Stephen Harper to travel overseas with stop in Ukraine
Prime Minister Stephen Harper responds to a question during Question Period in the House of Commons in Ottawa on Nov. 27, 2013 . (CP / Adrian Wyld)
Lee-Anne Goodman, The Canadian Press
Published Thursday, March 20, 2014 10:51PM EDT
OTTAWA -- Prime Minister Stephen Harper is headed to Ukraine to become the first leader of a G7 nation to visit the eastern European country since pro-Western demonstrators drove out its government last month.
Harper, accompanied by Foreign Affairs Minister John Baird, leaves Friday on a trip that will include a meeting in Kyiv with newly minted Prime Minister Arseniy Yatsenyuk to offer Canadian support to Ukrainians.
The brief trip to Ukraine -- Harper will spend just a few hours there after travelling to Kyiv from the Netherlands -- comes a few days before the prime minister is expected to make the case for a tough, united G7 front against the Russians.
The G7 nations are holding an emergency meeting on the sidelines of the Nuclear Security Summit in The Hague, taking place on Monday and Tuesday, to discuss the biggest crisis in eastern Europe since the Cold War era.
Harper, one of the most senior of the G7 leaders -- comprised of the United States, Britain, Germany, Japan, France, Italy and Canada -- holds some sway over his colleagues because of his consistent warnings about Russian President Vladimir Putin, says one foreign policy expert.
Canada's large Ukrainian community of 1.2 million people also lends Canada an air of credibility on the file, said Fen Hampson, a director at the Centre for International Governance Innovation in Waterloo, Ont.
"The Western alliance has been behind the ball and finally, finally countries are waking up to the fact that Putin really means business," Hampson said.
"He's not going to be brought to the negotiating table with rhetoric and speeches full of sound and fury signifying little action. And Harper and the Canadian government have taken a pretty consistent line from the very beginning that this was big trouble brewing, so there is respect there."
Russian troops moved into Ukraine's Crimean Peninsula three weeks ago in a move that was widely condemned as a brazen and illegal territory grab. The Kremlin has since formally annexed the strategically significant region.
Earlier this week, Harper announced Canada was imposing further sanctions on Russia following Sunday's vote in Crimea to secede from Ukraine. The Conservative government placed economic sanctions and travel restrictions on senior officials in Russia and Ukraine, particularly those in Crimea.
For all the symbolic importance of Harper's visit to Ukraine, however, Germany is thought to be the country to watch during the prime minister's European trip. Harper will visit German Chancellor Angela Merkel late next week.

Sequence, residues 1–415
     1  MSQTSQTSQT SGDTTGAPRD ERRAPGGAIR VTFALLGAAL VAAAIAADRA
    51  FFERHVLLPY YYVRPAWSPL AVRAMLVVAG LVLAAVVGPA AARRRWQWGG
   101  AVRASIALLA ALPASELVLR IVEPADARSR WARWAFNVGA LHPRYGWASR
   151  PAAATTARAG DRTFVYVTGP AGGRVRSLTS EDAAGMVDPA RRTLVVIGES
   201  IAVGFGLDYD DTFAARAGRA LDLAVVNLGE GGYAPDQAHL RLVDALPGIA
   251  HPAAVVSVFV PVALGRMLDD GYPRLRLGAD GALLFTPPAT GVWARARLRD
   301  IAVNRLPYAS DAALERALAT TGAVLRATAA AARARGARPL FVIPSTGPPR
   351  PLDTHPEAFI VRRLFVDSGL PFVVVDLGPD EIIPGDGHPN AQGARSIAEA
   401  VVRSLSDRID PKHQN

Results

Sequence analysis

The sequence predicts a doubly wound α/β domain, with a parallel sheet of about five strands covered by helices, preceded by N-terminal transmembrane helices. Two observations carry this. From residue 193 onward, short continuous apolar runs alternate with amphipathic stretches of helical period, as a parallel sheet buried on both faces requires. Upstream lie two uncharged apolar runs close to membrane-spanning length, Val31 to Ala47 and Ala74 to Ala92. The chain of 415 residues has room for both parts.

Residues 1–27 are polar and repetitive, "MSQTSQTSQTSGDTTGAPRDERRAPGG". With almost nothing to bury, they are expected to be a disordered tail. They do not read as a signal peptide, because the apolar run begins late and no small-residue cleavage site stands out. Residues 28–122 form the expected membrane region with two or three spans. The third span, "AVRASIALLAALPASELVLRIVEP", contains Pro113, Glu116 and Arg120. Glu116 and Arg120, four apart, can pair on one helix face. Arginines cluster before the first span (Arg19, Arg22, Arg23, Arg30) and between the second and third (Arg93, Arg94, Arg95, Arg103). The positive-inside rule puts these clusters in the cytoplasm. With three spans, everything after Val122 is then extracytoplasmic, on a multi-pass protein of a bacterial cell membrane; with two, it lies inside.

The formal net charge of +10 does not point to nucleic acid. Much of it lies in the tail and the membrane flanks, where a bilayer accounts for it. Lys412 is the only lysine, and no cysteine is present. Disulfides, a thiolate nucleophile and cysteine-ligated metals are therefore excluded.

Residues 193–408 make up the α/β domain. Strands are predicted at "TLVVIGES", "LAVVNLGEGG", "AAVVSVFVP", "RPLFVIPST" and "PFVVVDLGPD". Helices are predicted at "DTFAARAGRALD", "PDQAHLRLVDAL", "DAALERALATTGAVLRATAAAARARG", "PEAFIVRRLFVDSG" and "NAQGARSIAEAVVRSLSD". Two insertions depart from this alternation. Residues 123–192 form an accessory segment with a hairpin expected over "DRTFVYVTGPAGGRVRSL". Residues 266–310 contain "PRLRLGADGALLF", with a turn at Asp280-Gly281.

Germany is one of the G7 countries that's advocated a more cautious approach rather than playing economic hardball with the Russians.
That's largely because of Germany's economic ties to Russia, including a dependence on Russian oil and gas, and a post-Second World War foreign policy mandate called Ostpolitik that's aimed at maintaining positive relations with Russia, said Roland Paris, director of international policy studies at the University of Ottawa.
"Ostpolitik is an established foreign policy doctrine in Germany that is concerned with managing relations with Russia and avoiding a rupture in those relations, so there are a lot of pressures on Angela Merkel not to take strong economic action against Russia," he said.
"I don't think it's a coincidence that the prime minister has chosen to meet with Merkel as part of this trip. To the extent that he can reinforce to the German leader the importance of a very strong and united stand against Russian intervention, Canada could play a small but useful role here."
German industry and public opinion polls have suggested a majority of Germans are opposed to full-scale economic sanctions against Russia.
Merkel, however, was reportedly stung by Putin's false assurances to her that he would not take military action in Crimea -- a state of indignation that could make her more receptive to Harper's calls for more severe economic sanctions.
Harper can also point to Canadian energy exports as an alternative to Russia's old and gas, Hampson noted.
The prime minister and the German chancellor, the two most senior members of the G7, have a close relationship, Hampson added, recalling Merkel's visit to Canada in August 2012 when the pair went to Harrington Lake and "talked late into the night."
"There is clearly both a deep personal respect and a mutual affection between these two very senior leaders. If anyone can convince Merkel to take a harder stance against the Russians, it's our prime minister."